1051. The Cryptococcus neoformans Cuf1 Copper Metalloregulatory Transcription Factor
Session: Poster Abstract Session: Fungal Pathogenesis and Virulence
Saturday, October 22, 2011
Room: Poster Hall B1
Richard Festa*, Chen Ding, Dennis J. Thiele

Department of Pharmacology and Cancer Biology, Duke University Medical Center; Durham, NC, USA

Background: Copper is an important element for many cellular processes in most forms of life, however in excess copper can lead to toxicity through multiple mechanisms including oxidative stress through Fenton chemistry and the destruction of Fe-S clusters. Relevant to C. neoformans, copper is a cofactor for proteins implicated in virulence such as laccase and Cu/ZnSOD. C. neoformans must be able to aquire copper from the host, while maintaining sub-toxic concentrations. Copper homeostasis in C. neoformans is maintained bia the copper importers, Ctr1 and Ctr4, dedicated chaperones that route intracellular copper, and metallothioneins that bind and detoxify copper. Other fungi such as S. cerevisiae encode two copper responsive transcriptional activators, Mac1 and Ace1, to respond to copper deficiency and excess respectively. C. neoformans however encodes only one known copper responsive transcriptional regulator, Cuf1. C. neoformans is an emerging pathogen that causes fungal meningitis in immunocompromised patients, making a more efficacious treatment for this infection crucial. Methods: Target genes, such as Cuf1 were mutagenized using homologous recombination. Quantitative real-time PCR and northern blot analysis were used to study RNA transcript levels. Copper sensitivity of each mutant in vitro was determined using a plate assay. Results: Cuf1 is indispensable for C. neoformans survival in both high and low copper conditions. Cuf1 transcript levels do not change in response to copper, however genes that are up-regulated in high or low copper conditions are dependent on Cuf1 for proper transcriptional control. Conclusion: The Cuf1 transcriptional activator is responsible for copper homeostasis in the fungal pathogen C. neoformans. Future work will be focused on understanding what role copper plays during infection.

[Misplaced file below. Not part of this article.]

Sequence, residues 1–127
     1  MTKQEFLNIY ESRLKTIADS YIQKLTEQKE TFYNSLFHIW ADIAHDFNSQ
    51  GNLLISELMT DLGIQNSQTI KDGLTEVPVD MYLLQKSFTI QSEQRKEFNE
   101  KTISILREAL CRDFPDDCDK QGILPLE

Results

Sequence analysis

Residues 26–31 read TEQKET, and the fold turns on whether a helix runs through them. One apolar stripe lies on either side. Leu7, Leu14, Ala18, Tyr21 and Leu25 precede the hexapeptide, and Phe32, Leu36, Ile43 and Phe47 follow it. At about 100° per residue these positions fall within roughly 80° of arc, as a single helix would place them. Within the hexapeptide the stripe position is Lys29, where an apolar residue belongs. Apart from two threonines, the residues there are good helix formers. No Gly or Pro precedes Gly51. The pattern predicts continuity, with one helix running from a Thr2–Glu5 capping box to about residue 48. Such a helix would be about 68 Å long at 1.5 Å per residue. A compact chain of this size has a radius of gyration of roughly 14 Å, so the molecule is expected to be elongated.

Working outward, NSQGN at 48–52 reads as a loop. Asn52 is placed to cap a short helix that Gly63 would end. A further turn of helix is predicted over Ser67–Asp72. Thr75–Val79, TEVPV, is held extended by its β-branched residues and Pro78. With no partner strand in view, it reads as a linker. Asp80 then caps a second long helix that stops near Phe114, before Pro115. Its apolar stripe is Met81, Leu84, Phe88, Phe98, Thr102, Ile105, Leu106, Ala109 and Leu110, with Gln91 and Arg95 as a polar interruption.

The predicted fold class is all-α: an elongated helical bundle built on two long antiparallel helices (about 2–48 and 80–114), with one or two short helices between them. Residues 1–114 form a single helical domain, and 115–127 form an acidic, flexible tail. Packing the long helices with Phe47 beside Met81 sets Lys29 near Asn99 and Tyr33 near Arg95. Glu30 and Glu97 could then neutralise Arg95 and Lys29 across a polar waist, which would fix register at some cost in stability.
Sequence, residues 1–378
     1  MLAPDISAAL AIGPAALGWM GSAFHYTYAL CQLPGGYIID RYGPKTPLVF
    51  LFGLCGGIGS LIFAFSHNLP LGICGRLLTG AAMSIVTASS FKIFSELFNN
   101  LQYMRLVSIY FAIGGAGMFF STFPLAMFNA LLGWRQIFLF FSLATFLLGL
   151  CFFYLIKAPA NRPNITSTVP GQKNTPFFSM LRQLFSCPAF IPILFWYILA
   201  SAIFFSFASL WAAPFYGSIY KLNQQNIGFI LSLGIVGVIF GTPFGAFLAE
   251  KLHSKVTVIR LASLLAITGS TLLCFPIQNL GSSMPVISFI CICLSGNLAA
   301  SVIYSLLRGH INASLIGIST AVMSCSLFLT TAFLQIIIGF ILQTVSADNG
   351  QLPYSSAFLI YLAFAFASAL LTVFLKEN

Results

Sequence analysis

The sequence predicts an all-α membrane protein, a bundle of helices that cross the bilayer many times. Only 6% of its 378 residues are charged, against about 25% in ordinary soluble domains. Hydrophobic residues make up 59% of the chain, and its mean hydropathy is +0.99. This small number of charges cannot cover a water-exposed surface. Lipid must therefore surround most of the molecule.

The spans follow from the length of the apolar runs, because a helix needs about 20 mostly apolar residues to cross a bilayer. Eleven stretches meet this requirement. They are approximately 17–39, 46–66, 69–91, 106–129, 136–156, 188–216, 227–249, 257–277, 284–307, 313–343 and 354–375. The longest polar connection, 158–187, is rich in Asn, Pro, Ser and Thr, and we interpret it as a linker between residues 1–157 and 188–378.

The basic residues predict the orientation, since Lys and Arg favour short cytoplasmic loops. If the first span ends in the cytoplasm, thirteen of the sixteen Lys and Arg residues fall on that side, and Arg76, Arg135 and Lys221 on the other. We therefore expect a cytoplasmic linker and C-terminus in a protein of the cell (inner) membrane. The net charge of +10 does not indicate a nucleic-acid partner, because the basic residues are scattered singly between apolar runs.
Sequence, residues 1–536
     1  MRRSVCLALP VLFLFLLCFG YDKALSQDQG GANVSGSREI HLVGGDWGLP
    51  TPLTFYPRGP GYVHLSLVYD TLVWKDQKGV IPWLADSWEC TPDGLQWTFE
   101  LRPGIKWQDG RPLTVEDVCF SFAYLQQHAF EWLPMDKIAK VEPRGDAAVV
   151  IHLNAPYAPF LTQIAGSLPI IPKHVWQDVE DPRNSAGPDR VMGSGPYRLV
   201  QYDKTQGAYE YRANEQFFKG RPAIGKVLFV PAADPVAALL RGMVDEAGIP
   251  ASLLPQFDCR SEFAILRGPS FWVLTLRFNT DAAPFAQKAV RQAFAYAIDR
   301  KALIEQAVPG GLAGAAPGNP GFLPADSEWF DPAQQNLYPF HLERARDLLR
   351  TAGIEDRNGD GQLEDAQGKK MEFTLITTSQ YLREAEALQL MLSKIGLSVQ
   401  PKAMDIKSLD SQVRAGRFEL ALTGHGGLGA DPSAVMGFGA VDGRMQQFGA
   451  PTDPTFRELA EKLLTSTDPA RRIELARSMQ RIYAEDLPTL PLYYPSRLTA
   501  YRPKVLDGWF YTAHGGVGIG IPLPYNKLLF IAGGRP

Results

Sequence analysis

Subject Category: M. Mycology including clinical and basic studies of fungal infections

Richard Festa, Ph.D., Pharmacology and Cancer Biology, Duke University Medical Center, Durham, NC

Disclosures:

R. Festa, None

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